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How to ask the Polish parents for her hand in Marriage?


Chrysalis 5 | 30
17 Dec 2010 #1
Hey all. Love the forum, you guys are tough and honest. So, let's see if I'm worthy of knowing the truth. I love a 100% Polish woman, born in Poland but emigrated to my country. She can't wait for me to propose, and I'm excited too. I have money for the ring, and her family has agreed to pay for the wedding (much to her sister's chagrin, she's hugely jealous). I have not proposed yet but everyone is waiting for me to go ahead.

I've heard that for the Polish, it's a cultural norm that the man asks the father for his daughter's hand in Marriage. And then she joins his family, period. True? In this case, her father left 20 years ago and she has no idea where he is. So if I were to keep form, I'd have to ask her mother, correct? I'm pretty sure I remember my beloved actually saying she wanted me to do this.

Her mom seems to love me, but she's hyper dramatic and their family seems to always be turning on each other when something goes wrong. They've accepted me, so I'm fair game for this now. Her mom is not above criticizing me behind my back, or setting up totally unfair tests in secret that if I fail, prove I'm not "serious". We've been together less than one year.

Mama is a hard-drinking, hard-cussing, hard-working salt of the earth. She invested smartly and has a huge house, which impresses other Polish people in the area. She also loves to party, and not-so-secretly resents her daughters for making her become responsible. At dinner, Mama is swearing and blaspheming like a sailor while we eat from gold rimmed plates under the watchful eye of John Paul II's portrait.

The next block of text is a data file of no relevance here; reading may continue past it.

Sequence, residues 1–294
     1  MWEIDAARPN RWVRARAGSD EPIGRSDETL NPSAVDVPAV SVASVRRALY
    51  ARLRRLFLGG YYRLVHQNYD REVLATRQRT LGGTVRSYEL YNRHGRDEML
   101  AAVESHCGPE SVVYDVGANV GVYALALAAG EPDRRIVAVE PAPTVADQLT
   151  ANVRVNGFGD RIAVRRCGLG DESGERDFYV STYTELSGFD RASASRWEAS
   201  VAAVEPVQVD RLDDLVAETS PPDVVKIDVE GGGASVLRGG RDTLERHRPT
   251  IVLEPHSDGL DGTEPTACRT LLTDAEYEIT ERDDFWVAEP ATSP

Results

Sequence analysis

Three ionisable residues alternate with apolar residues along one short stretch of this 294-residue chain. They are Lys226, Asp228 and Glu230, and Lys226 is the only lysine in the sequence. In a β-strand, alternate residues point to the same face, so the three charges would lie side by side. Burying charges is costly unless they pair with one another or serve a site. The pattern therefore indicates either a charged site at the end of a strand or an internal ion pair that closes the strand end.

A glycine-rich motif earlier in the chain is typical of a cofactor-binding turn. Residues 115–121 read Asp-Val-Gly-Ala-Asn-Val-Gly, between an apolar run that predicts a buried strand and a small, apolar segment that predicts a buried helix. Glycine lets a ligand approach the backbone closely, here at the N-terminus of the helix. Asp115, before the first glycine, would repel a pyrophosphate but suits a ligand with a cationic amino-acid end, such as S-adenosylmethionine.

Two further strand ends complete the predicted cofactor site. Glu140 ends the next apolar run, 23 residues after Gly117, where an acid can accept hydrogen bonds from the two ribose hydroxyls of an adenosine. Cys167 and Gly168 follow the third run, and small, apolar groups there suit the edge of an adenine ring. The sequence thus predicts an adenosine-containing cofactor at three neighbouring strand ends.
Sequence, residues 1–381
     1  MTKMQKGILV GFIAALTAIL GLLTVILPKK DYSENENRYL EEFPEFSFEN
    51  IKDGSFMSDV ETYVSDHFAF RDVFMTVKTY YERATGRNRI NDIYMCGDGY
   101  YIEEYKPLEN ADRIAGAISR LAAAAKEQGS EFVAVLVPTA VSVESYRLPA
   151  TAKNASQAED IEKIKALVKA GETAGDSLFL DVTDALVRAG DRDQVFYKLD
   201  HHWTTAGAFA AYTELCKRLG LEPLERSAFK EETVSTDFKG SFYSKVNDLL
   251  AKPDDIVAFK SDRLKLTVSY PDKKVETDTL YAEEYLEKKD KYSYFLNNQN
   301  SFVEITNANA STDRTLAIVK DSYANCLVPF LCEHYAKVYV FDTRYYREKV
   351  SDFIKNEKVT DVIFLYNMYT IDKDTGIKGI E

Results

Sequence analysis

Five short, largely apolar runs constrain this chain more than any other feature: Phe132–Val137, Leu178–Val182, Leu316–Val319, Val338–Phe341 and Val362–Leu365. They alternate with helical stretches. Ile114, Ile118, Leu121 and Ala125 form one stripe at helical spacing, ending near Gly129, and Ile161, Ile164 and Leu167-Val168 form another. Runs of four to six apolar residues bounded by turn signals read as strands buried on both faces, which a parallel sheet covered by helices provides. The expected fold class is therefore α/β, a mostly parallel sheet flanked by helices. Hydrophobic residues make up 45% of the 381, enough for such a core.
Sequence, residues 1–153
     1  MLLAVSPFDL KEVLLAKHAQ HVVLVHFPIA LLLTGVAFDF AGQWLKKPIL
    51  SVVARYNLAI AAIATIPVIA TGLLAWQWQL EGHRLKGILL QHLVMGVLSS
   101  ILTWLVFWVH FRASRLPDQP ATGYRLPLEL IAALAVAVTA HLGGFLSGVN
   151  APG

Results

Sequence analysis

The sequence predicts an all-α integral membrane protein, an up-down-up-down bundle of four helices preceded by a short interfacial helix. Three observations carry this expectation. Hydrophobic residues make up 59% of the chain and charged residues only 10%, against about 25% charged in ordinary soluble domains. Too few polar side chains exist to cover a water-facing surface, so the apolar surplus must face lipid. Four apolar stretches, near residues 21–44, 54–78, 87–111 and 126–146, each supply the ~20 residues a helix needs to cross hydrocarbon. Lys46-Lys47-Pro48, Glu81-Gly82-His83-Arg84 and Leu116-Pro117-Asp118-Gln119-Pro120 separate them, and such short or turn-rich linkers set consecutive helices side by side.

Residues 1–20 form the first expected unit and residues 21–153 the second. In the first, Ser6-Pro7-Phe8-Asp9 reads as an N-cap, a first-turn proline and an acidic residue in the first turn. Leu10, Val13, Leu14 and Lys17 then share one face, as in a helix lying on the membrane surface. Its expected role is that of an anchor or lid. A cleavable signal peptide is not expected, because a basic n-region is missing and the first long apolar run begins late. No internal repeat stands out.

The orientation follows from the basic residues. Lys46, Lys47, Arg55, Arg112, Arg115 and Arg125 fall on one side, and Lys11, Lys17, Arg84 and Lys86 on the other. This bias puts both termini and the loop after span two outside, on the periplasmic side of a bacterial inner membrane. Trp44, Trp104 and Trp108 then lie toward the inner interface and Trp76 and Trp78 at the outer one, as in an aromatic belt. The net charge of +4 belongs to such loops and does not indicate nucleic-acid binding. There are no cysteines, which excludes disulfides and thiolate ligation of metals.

Mama also has a lot of monthly expenses, and expensive tastes. She has trouble living within her means, which sometimes spills into her asking her daughters for money. Mama's always talking about going back to Poland in 10 years, but she's made so many bad investments she'll have to declare bankruptcy to escape them and basically flee my country. Anyway, I know that it won't be long after marriage that Mama will be asking *me* for money, for the same reason: so she doesn't have to dip into her savings. I see this trick played often now, pressure going back and forth between her family members.

This makes me slightly ill. But I'm not marrying (or financing) Mama. It's all about my beloved and bringing her into my family. Not me joining hers.

Oh, and the sister is an insane alcoholic sociopath. Much crazier than Mama, actually more like the worst of both parents. But my beloved got the best, and I love her for it.

Anyway, I expect that I really do need to ask her mother before I propose. How should I do this?

It would be great if I can survive the conversation without her issuing ridiculous threats or ultimatums, to which I simply cannot and will not bow down. I believe women want a man who can stand up to them, and not just give them whatever they ask. So, I'm starting to think that her mom's tests will at some point have to come down to this: me declaring to her mom that she should be happy I have the backbone to stand my ground and not let myself be controlled by female emotions.